A lot of writers have asked Willie Mays over the years if he would cooperate with them on a book, and almost every time, the baseball legend has refused their advances. About two weeks ago, however, at the age of 76, the Say Hey Kid appeared to have had a change of heart, as news surfaced that he’d signed a contract with Scribner for an “authorized” biography, to be written by best-selling race historian James Hirsch.
In exchange for his cooperation, Mr. Mays will receive an undisclosed portion of the proceeds from the book, which, after a heated bidding war, sold for $1.35 million, according to a source close to the negotiations*. Mr. Mays’ lawyer Jeff Bleich, told The Observer that the former Giants centerfielder plans to donate his cut of the money to his charity, the Say Hey Foundation, which helps send underprivileged kids to college.
That’s a move that many say is out of character for the notoriously Scrooge-like Mr. Mays. “He’s a guy who always felt like people were trying to milk off of him throughout his career,” said Jeff Pearlman, who recently wrote a biography of Mr. Mays’ god-son, Barry Bonds. “He thought a lot of guys were making a lot of money off him—namely the Giants and Major League Baseball—and that he wasn’t getting what he deserved. So I imagine when these guys are writing these books, Mays feels like, ‘This is another guy trying to get paid off of my name.’”
According to the veteran baseball writer Peter Golenbock, Mr. Mays has appeared bitter during the past fifteen years, “perhaps over the fact that these days ballplayers are making over $15 million a year and Willie was making $100,000, if that.”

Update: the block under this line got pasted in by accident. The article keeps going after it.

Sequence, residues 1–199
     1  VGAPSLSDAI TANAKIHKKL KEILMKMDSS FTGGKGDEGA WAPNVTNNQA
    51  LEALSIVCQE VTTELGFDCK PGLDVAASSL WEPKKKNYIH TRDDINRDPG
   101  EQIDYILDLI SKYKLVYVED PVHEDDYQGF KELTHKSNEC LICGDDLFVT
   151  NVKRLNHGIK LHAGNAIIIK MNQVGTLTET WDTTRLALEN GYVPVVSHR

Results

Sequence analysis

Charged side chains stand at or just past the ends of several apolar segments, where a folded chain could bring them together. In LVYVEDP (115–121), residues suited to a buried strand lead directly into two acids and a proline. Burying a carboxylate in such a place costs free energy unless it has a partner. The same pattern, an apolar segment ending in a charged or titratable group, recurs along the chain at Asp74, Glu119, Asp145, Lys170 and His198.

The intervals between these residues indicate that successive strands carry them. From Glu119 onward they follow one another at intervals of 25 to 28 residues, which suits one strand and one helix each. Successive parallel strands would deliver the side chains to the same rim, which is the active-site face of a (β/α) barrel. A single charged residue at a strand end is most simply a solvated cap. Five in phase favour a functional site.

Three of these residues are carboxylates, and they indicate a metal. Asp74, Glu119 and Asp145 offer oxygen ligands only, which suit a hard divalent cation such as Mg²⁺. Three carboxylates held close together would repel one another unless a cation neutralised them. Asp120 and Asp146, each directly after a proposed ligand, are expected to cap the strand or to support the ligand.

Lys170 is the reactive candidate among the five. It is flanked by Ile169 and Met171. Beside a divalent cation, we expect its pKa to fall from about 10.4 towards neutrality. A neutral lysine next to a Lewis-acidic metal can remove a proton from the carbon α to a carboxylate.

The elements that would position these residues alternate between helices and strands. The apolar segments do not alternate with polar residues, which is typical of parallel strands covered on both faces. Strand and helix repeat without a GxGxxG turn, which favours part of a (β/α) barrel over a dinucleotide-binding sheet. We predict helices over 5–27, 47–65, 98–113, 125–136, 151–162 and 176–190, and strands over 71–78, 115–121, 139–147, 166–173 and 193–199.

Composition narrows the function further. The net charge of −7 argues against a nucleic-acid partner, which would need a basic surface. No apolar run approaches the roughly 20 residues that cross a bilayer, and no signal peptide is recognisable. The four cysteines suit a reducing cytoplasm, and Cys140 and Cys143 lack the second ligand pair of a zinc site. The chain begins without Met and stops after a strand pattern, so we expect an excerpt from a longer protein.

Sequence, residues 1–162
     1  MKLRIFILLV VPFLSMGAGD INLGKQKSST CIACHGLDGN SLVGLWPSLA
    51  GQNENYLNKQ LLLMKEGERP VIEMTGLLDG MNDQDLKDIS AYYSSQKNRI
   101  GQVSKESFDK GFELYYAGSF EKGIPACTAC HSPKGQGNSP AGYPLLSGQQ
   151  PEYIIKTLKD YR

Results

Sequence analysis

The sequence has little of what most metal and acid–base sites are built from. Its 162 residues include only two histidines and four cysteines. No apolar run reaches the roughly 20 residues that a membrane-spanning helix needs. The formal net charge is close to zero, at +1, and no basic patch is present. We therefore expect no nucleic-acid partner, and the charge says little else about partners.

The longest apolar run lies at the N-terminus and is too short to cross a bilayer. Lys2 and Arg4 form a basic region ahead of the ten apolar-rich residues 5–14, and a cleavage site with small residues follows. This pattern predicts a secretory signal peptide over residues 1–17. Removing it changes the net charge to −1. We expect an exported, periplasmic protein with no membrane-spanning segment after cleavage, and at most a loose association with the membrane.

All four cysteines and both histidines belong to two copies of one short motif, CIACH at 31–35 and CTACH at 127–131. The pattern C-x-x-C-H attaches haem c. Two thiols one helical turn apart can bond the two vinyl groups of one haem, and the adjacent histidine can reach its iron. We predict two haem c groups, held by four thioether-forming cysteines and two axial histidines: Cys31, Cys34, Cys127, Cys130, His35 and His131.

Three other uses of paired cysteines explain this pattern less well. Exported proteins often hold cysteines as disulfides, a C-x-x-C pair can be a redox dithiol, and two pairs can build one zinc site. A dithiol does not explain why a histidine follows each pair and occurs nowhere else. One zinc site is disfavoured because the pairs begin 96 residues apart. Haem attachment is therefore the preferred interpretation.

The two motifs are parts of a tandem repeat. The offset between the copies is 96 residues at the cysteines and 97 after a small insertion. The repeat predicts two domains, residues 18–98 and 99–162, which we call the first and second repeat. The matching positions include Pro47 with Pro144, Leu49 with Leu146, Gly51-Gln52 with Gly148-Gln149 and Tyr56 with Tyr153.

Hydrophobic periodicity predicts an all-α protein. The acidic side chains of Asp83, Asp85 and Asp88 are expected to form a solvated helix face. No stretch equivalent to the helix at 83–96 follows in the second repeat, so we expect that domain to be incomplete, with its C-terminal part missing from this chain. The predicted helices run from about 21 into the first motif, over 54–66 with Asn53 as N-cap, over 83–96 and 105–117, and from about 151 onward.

That bitterness has apparently been an obstacle for those looking to write about him. “For years, I’ve tried to land Willie Mays’ autobiography,” said David Hirshey, a vice president and executive editor at HarperCollins, and a devout sports fan, “and every time I was told they were looking for several million dollars, so I chose not to swing at that pitch. But to hear from people that they’ve sold it for only a million and that Mays’ portion is going to charity shows that even a legend like Willie Mays can finally come down to earth.”
Indeed, getting Mr. Mays on board for the book would appear to be a major achievement for Mr. Hirsch. Still, there is evidence to suggest that other writers have had the same opportunity and have turned it down because they weren’t comfortable with Mr. Mays’ financial demands.
According to baseball and publishing insiders, a slew of distinguished writers has tried in recent years to convince Mr. Mays to sit for a biography—among them Roger Kahn, often called the dean of American sports writing; Craig Wolff, a journalism professor at N.Y.U.; New York Times sports columnist William Rhoden; and Washington Post columnist George S. Will. Mr. Mays, they say, has refused to cooperate unless he was compensated. (Mays did work with one biographer, Charles Einstein, for his 1979 book Willie’s Time. According to Lee Mendelson, who collaborated with Einstein on a series of TV documentaries about Mr. Mays, the ex-player considered Mr. Einstein a friend and never asked him for money. In addition, Mr. Mays, with the writer Lou Sahadi, produced a 1988 autobiography, Say Hey.)